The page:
Molecular Partners has reported that its partner Novartis sought emergency use authorization (EUA) for the antiviral candidate, ensovibep, from the US Food and Drug Administration (FDA) to treat Covid-19.
A Designed Ankyrin Repeat Protein (DARPin) antiviral therapeutic candidate, ensovibep can specially hinder the SARS-CoV-2 virus’ target cell entry.
It comprises three covalently associated individual DARPin domains that can attach to the viral spike protein.
With these domains combined into a single molecule, the antiviral candidate can inhibit the SARS-CoV-2 spike protein’s receptor-binding domain (RBD), even when mutations occur in the spike protein.
The latest submission to the FDA is based on the entirety of the results from clinical and preclinical studies.
It includes positive findings from the Phase II segment of the randomised, placebo-controlled EMPATHY trial that enrolled 407 subjects with symptomatic Covid-19.
In January, the companies reported positive results from the Part A of the EMPATHY trial.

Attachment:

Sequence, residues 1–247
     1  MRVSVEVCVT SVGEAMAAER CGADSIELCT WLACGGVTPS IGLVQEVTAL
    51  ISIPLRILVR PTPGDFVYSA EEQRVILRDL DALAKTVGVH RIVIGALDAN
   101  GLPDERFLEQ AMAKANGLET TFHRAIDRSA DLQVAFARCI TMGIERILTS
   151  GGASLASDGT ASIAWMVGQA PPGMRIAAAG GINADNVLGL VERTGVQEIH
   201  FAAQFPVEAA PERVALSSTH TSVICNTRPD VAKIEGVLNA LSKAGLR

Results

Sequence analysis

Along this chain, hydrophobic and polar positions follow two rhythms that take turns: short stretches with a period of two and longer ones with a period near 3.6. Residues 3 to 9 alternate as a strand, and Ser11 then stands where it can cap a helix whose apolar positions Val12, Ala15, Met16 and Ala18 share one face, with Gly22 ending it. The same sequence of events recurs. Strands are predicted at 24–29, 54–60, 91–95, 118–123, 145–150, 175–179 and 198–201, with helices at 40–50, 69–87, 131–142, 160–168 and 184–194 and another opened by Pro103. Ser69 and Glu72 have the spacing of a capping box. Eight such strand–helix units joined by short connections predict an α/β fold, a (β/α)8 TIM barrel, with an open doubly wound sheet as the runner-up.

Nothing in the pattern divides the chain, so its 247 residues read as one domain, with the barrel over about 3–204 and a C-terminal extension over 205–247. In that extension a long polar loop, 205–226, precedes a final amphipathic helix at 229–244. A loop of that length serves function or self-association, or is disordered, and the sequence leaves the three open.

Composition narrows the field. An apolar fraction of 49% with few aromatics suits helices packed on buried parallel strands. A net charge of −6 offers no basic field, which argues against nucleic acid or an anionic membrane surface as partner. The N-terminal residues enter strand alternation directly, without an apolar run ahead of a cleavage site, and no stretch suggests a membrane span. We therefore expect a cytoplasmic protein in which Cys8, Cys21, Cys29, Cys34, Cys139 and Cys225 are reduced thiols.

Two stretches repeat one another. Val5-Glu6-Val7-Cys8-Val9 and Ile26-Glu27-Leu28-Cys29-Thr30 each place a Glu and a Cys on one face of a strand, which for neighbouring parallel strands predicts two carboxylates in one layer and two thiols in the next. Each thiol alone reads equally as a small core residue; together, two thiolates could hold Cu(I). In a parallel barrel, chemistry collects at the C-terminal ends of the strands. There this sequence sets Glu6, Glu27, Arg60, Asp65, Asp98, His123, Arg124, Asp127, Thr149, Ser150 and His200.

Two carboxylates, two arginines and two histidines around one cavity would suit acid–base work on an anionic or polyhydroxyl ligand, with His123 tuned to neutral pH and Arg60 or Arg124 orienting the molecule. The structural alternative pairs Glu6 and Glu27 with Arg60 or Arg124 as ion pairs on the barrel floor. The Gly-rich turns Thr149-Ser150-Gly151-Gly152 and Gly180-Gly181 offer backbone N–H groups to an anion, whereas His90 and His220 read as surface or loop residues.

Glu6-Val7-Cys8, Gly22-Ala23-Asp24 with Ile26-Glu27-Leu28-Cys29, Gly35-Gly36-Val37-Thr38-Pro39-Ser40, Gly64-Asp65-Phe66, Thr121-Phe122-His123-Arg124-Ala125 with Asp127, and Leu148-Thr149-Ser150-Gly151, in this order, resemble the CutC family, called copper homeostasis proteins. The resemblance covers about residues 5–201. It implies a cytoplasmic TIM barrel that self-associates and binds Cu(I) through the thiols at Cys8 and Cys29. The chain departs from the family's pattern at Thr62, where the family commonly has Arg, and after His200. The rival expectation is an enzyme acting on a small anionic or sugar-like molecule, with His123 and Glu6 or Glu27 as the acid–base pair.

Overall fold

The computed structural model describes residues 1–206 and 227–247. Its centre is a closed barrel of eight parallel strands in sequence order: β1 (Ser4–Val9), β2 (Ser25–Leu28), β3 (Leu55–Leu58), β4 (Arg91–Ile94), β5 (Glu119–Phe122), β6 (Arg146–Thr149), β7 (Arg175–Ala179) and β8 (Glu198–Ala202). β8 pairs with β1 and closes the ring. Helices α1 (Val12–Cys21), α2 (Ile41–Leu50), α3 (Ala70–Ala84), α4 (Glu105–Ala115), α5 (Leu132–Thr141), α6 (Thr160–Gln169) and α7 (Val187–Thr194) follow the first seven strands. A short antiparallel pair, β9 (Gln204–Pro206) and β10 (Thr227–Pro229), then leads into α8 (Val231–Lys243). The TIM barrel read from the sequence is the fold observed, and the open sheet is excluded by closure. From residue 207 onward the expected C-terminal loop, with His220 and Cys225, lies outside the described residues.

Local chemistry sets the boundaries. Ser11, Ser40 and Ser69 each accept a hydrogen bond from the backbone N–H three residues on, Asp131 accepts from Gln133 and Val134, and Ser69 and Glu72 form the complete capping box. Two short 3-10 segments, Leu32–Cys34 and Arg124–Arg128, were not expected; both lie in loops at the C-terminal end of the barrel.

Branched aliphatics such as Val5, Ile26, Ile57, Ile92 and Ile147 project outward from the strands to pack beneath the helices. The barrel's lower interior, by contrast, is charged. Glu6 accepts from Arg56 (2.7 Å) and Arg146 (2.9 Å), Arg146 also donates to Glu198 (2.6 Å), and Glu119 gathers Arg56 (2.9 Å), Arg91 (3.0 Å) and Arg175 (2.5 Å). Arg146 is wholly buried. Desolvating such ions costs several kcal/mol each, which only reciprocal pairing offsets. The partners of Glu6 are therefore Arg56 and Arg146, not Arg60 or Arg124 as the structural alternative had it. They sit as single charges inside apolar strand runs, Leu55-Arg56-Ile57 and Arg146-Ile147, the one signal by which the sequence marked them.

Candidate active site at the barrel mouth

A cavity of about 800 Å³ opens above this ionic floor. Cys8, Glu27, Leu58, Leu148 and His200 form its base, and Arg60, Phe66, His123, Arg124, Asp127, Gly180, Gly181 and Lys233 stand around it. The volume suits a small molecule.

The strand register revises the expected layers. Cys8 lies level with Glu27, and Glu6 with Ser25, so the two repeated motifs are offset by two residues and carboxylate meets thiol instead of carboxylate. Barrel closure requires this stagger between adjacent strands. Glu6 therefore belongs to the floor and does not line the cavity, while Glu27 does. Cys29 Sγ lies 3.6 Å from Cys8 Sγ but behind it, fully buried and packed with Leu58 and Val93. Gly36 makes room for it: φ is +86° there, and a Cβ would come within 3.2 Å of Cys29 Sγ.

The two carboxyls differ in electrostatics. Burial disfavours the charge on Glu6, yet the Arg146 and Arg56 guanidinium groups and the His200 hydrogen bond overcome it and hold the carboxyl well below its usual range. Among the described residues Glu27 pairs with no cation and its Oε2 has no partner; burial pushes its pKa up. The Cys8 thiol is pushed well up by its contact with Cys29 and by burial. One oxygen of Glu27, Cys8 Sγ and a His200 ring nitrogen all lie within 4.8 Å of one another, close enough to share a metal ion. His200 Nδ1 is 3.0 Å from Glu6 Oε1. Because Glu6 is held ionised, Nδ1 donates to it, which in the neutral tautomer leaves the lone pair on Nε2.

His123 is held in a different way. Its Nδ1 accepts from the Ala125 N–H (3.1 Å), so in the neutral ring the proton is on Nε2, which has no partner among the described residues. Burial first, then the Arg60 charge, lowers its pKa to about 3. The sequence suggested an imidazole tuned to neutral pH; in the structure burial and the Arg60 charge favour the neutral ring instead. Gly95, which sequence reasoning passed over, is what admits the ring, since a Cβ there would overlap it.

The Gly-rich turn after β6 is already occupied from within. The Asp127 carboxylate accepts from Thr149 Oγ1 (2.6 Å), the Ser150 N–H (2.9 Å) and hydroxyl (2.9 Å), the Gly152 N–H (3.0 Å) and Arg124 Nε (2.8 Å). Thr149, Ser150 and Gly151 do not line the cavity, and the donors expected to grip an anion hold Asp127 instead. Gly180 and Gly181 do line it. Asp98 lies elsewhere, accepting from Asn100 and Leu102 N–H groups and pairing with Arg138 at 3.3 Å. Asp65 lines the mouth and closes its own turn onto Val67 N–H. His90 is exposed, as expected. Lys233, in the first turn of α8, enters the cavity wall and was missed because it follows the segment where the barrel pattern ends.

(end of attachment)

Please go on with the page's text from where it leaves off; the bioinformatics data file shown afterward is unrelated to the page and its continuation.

Conducted by Novartis and sponsored by Molecular Partners, the global trial in the ambulatory setting analysed ensovibep’s optimal safety and efficacy in subjects in the US, South Africa, India, the Netherlands and Hungary.
Data showed that the trial that analysed single intravenous doses of ensovibep met the primary endpoint of decline in viral load over eight days.
On the secondary endpoint of hospital admission and/or Emergency Room (ER) visits linked to Covid-19 or mortality, or death, an overall risk decline of 78% in events across ensovibep groups versus placebo were reported.
A clinically meaningful benefit compared to placebo was observed in time to sustained clinical recovery, another secondary endpoint of the trial.
Furthermore, no deaths were reported in subjects who received ensovibep.
With the positive results, Novartis had confirmed plans to exercise its option for in licensing ensovibep from Molecular Partners.